Back in February, the Supreme Court of Washington decided In re Arnold, which held that a Division of the Court of Appeals should not follow the decisions of the other Divisions as a matter of horizontal stare decisis. As I observed at the time, the Supreme Court’s distinction between inter-Division conflicts and intra-Division conflicts doesn’t find much basis in the law:
The statute does not distinguish between inter-Division and intra-Division panels. So when the Court says that “under the statute creating the Court of Appeals, conflicts are resolved not by stare decisis within that court, but by review in our court,” the Court’s ruling should apply with equal force to a three-judge panel following the prior decision of a different three-judge panel within the same Division. As I wrote previously: None of the governing statutes distinguish between inter- and intra-Division panels for purposes of stare decisis.
Last week, Chief Judge Appelwick of Division 1 decided to take the next logical step. He asserted that “[o]ne division of the Court of Appeals is not bound by the decision of another division” (citing to In re Arnold). But then he went further: “Nor is one panel of the Court of Appeals bound by another panel, even in the same division.” In re Marriage of Snider at 4 (emphasis added).
In support of this assertion, Chief Judge Appelwick cited to Grisby v. Herzog, 190 Wn. App. 786, 810-11, 362 P.3d 763 (2015). I don’t think Grisby quite gets all the way there. In Grisby, a panel of Division 1 concluded that two previous Division 1 opinions were in conflict:
It is relatively uncommon, but not unknown, for panels within a single division to be in conflict with each other. Here, we confront a conflict within Division One: Ziegenfuss disagreed with McNeal about how to read [the United States Supreme Court’s opinion in] Scarpelli.
Grisby v. Herzog, 190 Wn. App. 786, 810-11, 362 P.3d 763 (2015).
But the Grisby panel was faced with the problem of two ostensibly “binding” previous panel decisions that appeared to be in conflict. No matter what the Grimsby panel did, it would be rejecting the holding of a prior Division 1 panel. That doesn’t exactly support the idea of complete freedom to reject any previous panel decision with which you might disagree.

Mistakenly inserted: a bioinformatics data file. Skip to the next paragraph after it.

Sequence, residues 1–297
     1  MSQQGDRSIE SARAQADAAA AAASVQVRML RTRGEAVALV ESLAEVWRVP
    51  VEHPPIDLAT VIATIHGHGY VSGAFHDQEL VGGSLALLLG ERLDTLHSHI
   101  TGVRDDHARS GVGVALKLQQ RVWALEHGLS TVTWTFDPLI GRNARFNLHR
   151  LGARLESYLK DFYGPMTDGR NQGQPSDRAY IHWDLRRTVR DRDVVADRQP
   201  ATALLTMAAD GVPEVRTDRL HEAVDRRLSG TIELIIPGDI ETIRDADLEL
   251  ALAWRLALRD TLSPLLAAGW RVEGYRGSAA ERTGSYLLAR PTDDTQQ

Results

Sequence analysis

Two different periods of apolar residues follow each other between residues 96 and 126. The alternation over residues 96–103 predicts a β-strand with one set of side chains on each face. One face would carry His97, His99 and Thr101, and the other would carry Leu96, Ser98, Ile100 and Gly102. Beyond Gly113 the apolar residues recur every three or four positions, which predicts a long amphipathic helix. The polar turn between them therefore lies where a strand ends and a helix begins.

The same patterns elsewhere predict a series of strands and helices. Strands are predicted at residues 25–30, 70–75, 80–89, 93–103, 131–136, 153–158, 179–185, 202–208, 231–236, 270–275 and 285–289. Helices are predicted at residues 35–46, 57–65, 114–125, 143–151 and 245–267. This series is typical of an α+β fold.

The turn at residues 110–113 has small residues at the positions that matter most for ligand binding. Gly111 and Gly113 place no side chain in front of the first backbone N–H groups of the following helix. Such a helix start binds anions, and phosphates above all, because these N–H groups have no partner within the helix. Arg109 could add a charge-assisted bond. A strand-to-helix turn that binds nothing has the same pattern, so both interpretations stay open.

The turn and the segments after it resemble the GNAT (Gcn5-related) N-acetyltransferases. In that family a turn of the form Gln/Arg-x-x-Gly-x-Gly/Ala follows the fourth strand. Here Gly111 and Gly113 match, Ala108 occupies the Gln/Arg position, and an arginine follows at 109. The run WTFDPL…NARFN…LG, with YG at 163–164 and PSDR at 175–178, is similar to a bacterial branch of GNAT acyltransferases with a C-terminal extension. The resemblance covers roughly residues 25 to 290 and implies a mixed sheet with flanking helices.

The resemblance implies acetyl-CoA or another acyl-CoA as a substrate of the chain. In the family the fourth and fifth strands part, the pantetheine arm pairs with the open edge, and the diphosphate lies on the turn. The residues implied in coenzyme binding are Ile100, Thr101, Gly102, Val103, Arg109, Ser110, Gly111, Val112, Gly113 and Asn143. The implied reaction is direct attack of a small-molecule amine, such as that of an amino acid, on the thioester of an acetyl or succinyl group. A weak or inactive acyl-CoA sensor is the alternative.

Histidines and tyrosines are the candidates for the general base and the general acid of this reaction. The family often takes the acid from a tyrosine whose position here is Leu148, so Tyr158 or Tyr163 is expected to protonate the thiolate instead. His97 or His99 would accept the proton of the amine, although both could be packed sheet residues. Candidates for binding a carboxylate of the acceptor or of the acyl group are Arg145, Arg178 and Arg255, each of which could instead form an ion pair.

For the power to reject a prior panel decision, you’d want to look at the opinion that created this conflict in the first place. That second panel was the one that determined it wasn’t bound by the previous opinion from another panel in the same division.
The problem here is that the second panel—in State v. Ziegenfuss, 118 Wn. App. 110, 116, 74 P.3d 1205 (2003)—didn’t seem to think it was rejecting the first panel’s decision in In re McNeal, 99 Wn. App. 617, 994 P.2d 890 (2000). Or if it did think that’s what it was doing, it didn’t quite cop to it. Here’s what the Ziegenfuss panel had to say about McNeal:
The State contends that under McNeal, due process does not require representation by counsel in community custody violation hearings. [cite to McNeal.] The right to counsel, however, is determined on a case by case basis. [cite to Scarpelli.]
And then, in a footnote:
We note that Ziegenfuss’ case differs factually from McNeal in that McNeal was decided when community custody referred only to DOC supervision in lieu of earned early release. McNeal simply interpreted the U.S. Supreme Court’s decision in Gagnon v. Scarpelli, which held that the question of whether due process requires counsel at parole revocation hearings must be answered on a case-by-case basis. Scarpelli, 411 U.S. at 790, 93 S.Ct. 1756.
Maybe the Ziegenfuss panel was wrong. Maybe it was trying to avoid McNeal‘s holding. Maybe it was playing fast and loose with the idea of horizontal stare decisis. I have no clue. But one thing the Ziegenfuss panel did not do is expressly purport to overrule or reject McNeal. It wasn’t until the later Grimsby panel examined the decisions that the court saw a conflict.
Grimsby cites to a few examples of real rejections—opinions where a panel expressly rejects a previous panel’s holding from within the same Division. One example comes from the post-Blakely chaos: State v. Giles, 132 Wn. App. 738, 132 P.3d 1151 (2006). The Giles panel didn’t mention precedent or stare decisis; the judges just “respectfully disagree[d] with [their] learned colleagues” on a prior panel. Another example used the Supreme Court’s familiar “incorrect and harmful” framework, but applied it to a previous panel decision. King v. W. United Assur. Co., 100 Wn. App. 556, 997 P.2d 1007 (2000). Which (if any) of these approaches is the right one? Perhaps the Supreme Court will decide at some point.
Anyway, this is all academic for now. Chief Judge Appelwick’s line about intra-Divisional stare decisis was purely dicta. The panel explained that the trial court was right to follow a previous Division 2 decision. And then the panel itself agreed with Division 2’s holding. So everyone walked away happy.
But I’m still waiting the Supreme Court to review of a Court of Appeals decision because the panel “wrongly” followed a previous decision from within the same Division.